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What Seniors Need to Know About Meditation

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What Seniors Need to Know About Meditation

The National Center for Complementary and Integrative Health describes meditation as a type of mind and body practice that increases calmness, physical relaxation, psychological balance and emotional well-being. People of all ages practice meditation and often rave over the benefits of what one session brings. While the practice of regular meditation has been well documented, experts agree that seniors who meditate experience even greater satisfaction than other age groups when it comes to mental, physical and emotional benefits.

"May my meditation be pleasing to him, as I rejoice in the Lord." Psalm 104:34

Types of Meditation

With so many types of meditation, there should be one to suit most seniors. Some of the most common types are highlighted below.

Metta meditation. Also referred to as loving-kindness meditation, Metta meditation seeks to cultivate an attitude of love and kindness toward everything. This helps remove any negative energies toward sources of stress and can help those effected by anger, frustration, resentment and interpersonal conflicts. During this meditation, an individual breathes deeply and opens the mind to receiving kindness.

Body scan. Body scan meditation is often called progressive relaxation. During meditation, an individual scans their body for areas of tension and slowly releases it. This works by tensing and relaxing the muscles in the body, starting at the toes and moving to the head. Some forms encourage seniors to visualize a wave washing over their body to release tension.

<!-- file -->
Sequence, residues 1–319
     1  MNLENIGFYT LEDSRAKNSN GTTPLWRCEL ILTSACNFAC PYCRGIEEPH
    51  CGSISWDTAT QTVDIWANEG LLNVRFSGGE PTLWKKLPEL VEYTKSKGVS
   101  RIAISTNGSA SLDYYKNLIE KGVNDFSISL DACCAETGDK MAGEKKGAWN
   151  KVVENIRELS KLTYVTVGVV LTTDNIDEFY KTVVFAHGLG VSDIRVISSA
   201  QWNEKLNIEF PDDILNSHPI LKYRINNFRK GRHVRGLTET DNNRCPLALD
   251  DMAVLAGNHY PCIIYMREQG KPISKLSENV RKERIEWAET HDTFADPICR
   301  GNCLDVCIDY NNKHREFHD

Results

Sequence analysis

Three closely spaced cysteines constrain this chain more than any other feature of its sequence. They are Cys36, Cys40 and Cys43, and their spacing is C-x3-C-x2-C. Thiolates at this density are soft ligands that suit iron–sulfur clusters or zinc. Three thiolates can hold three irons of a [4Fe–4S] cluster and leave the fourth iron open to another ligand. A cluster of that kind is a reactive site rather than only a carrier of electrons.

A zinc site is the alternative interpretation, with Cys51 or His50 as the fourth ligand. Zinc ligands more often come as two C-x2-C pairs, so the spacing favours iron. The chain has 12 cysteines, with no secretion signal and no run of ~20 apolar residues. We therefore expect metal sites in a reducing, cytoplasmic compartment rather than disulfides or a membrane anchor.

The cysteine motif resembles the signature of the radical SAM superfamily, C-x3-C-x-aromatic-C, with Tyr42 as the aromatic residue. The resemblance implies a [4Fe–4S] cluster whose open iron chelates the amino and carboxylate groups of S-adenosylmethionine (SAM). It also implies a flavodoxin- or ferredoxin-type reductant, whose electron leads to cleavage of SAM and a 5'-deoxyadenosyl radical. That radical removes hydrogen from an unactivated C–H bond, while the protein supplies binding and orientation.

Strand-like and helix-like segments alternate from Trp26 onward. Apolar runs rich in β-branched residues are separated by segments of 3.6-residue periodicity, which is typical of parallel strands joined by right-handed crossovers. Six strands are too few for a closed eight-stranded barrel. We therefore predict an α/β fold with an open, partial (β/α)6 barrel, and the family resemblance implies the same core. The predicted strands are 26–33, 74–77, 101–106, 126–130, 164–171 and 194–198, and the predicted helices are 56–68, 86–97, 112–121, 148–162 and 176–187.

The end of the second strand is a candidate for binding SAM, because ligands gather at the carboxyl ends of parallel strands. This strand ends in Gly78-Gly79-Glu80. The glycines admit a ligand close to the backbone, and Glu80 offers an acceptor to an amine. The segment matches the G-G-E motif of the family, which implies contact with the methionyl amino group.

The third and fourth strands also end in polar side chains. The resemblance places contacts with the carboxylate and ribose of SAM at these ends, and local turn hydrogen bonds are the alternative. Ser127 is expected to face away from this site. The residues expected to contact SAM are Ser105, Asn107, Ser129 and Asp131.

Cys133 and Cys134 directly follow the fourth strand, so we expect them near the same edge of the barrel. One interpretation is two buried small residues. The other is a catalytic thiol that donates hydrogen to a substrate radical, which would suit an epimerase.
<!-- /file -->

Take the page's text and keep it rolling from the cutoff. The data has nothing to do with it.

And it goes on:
Mindfulness meditation. It's possible to practice this form of meditation anywhere. Individuals are encouraged to breathe deeply, to remain aware of the moment and to be aware of their surroundings. This can help reduce feelings of anxiety or tension when standing in line at the grocery store or while waiting to be seen at the doctor's office.

Breath awareness meditation. During this type of meditation, seniors are asked to breathe slowly and deeply, counting their breaths and not allowing negative thoughts to enter the mind. Deep breathing is known to reduce anxiety, improve concentration and even lower blood pressure and alleviate the symptoms of panic attacks.

Zen meditation. Also referred to as Zazen, Zen meditation is a Buddhist practice that focuses on breathing and observing one's thoughts without judgment. People often turn to Zen meditation for spiritual reasons.

Discovering the Health Benefits

The regular practice of meditation has a wealth of benefits for seniors and individuals of all ages. It has been shown to reduce blood pressure and inflammation, reduce the risks of coronary artery disease, reduce post-traumatic stress disorder, alleviate chronic pain and ease headaches. It has also been shown to reduce the effects of irritable bowel syndrome, depression and insomnia, and it can sometimes improve memory and help preserve cognitive function.

Getting Started

Before starting any type of health regimen, consult with your physician to make sure it's safe for you. Seniors with physical limitations may not be able to participate in some types of meditation movements, including sitting for a long period on the floor. Check with the available classes at The Gardens in Springfield, MO, or consider utilizing the fitness center in the assisted living community with several friends in order to meditate together.

1 comment (Add your own)

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Tue, July 30, 2019 @ 6:30 AM

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